On May 21, 1975, James Earl Clark, age 17, of 2051 West lake Street, was arrested after two witnesses stepped forward and after ballistics tests proved that the rifle he owned was the one used in the shooting. Police recovered the broken down rifle hidden inside Clark's apartment hidden in the couch. An expended shell casing was also recovered from the apartment across the hall from Clark's. It was in that apartment Clark fired the fatal shot. During interrogation Clark related that he had been in an argument with another neighborhood boy earlier in the evening and was waiting for the boy to make another pass on his bicycle. Before the boy made another pass the officers arrived and began to write the citation. The killer then told his cousins he was going to shoot an officer and fired the round which struck Officer Cali.

James Clark was charged with Murder and held to the Grand Jury. On June 4, 1975, the Grand Jury returned a true bill. During trial Clark plead guilty to Officer Cali’s murder and was subsequently sentenced to 20 to 25 years in prison. He was paroled in 1986 after serving less than half of his sentence.

Officer Cali was waked at Smith-Corcoran Funeral Home located at 6150 North Cicero Avenue and his funeral mass was held at St. Juliana's Church located at 7200 North Osceola Avenue, was cremated and entomed on May 23, 1975 in St. Joseph Cemetery, 3100 North Thatcher Avenue, River Grove, Illinois. His crypt is located in the Resurrection Mausoleum, Crypt 335, Tier A.

Patrolman Joseph Peter Cali, born September 25, 1943, received his Probationary Appointment to the Chicago Police Department on February 19, 1973. He earned 5 Honorable Mentions and 2 Complimentary Letters during his career.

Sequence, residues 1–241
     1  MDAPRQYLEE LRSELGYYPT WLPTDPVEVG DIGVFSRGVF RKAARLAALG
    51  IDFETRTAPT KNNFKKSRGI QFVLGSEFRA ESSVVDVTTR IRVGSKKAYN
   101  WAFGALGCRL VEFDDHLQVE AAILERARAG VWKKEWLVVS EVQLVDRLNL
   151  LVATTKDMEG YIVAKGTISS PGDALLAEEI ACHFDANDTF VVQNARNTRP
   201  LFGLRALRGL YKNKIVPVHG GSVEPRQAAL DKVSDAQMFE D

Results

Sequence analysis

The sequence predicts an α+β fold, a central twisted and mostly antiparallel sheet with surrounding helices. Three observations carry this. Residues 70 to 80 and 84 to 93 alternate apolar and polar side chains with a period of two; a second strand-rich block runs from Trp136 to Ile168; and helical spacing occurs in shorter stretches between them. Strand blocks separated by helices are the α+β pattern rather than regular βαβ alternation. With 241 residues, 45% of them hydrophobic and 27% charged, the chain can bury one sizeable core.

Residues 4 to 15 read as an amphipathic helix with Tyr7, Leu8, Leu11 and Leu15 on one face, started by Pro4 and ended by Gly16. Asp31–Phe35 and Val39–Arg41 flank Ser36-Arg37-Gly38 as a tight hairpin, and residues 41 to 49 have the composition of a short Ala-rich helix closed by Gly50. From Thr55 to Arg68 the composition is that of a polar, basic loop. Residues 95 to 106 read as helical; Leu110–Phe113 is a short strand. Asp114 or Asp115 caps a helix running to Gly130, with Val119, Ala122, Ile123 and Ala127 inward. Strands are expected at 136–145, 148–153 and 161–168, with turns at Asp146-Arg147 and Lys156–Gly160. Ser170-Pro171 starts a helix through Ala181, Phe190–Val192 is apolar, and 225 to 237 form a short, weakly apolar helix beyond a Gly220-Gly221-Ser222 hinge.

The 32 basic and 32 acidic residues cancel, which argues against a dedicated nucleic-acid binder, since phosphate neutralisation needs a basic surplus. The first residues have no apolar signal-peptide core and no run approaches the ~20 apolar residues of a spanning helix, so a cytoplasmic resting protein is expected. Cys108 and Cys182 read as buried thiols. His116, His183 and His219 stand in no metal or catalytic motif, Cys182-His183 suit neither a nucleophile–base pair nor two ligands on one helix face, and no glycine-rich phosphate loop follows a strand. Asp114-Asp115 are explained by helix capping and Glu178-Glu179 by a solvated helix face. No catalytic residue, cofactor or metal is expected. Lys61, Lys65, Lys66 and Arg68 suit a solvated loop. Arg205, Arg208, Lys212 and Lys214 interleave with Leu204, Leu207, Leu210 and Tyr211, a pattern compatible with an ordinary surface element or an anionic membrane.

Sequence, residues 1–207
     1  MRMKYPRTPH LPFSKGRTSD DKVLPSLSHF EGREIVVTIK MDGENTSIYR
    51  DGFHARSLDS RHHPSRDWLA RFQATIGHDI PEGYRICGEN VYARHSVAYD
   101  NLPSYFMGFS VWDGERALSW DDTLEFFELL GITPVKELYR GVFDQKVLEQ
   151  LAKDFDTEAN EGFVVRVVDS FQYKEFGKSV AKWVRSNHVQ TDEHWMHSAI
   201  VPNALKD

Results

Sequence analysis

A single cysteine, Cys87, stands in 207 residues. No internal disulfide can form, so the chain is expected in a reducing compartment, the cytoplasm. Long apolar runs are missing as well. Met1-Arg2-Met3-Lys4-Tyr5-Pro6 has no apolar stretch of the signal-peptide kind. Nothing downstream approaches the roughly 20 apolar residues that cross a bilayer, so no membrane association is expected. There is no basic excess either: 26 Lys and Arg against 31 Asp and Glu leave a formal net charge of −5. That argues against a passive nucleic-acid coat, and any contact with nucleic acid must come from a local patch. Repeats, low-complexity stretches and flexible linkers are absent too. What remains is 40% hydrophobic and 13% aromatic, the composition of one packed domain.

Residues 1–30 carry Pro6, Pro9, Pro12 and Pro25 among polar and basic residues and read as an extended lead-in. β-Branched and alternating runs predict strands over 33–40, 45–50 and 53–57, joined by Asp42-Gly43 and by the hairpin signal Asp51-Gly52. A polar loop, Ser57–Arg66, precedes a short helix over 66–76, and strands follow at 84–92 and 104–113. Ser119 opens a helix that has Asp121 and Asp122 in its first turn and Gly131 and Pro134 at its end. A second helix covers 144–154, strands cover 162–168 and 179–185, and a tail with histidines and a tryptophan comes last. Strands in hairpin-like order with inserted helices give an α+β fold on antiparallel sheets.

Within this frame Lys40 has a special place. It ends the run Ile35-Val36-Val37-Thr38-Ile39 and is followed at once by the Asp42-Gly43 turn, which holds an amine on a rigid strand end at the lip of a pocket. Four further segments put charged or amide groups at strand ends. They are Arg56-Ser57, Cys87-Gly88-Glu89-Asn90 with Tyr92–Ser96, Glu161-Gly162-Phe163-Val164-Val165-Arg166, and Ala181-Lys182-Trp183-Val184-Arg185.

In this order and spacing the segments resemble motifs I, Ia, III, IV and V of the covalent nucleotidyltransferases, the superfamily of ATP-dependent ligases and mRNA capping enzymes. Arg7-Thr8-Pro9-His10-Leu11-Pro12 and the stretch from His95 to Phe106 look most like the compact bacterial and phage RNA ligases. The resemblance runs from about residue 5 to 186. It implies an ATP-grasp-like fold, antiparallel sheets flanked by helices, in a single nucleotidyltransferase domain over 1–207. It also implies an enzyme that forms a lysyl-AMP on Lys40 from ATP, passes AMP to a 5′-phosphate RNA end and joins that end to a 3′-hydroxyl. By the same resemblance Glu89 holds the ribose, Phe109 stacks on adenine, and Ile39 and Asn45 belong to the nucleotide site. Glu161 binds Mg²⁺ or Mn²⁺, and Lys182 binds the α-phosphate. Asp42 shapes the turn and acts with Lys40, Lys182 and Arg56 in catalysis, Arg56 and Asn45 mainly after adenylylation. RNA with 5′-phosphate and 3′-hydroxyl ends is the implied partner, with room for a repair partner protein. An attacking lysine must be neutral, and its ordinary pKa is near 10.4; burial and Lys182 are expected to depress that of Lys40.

Officer Joseph Cali served in the U.S. Army, was a veteran of the Vietnam War and was Honorably Discharged at the rank of Sergeant. He was also a member of the Confederation of Police and the St. Jude Police League. He was survived by his wife, Neva (nee Moore); daughters: Carolyn Suzanne, age 2 and Jennifer Lynn, age 4; parents: Charles and Josephine (nee Catanzaro) and siblings: Maryann and Phil.

Incident Recorded under Chicago Police Department RD #T189906.

On November 14, 2015, the 6400 block of North Oxford Avenue was dedicated as “Honorary Patrolman Joseph P. Cali Way.” One brown honorary sign was erected. The sign was located on the Northeast corner of Devon and Oxford Avenues in heart of the Edison Park community where Officer Cali lived.

On July 7, 2016, in memory of Officer Cali Bill H.R. 5676, was proposed in the United States House of Representatives to designate the facility of the United States Postal service located at 6300 North Northwest Highway, as the “Officer Joseph P. Cali Post Office Building.“ The house voted in the affirmative to suspend the rules and the bill was passed. It was ordered, that the Clerk request the concurrence of the Senate in said bill. The senate brought the bill to a vote and the bill was approved on December 10, 2016. On April 23, 2017, a dedication ceremony was held at the building.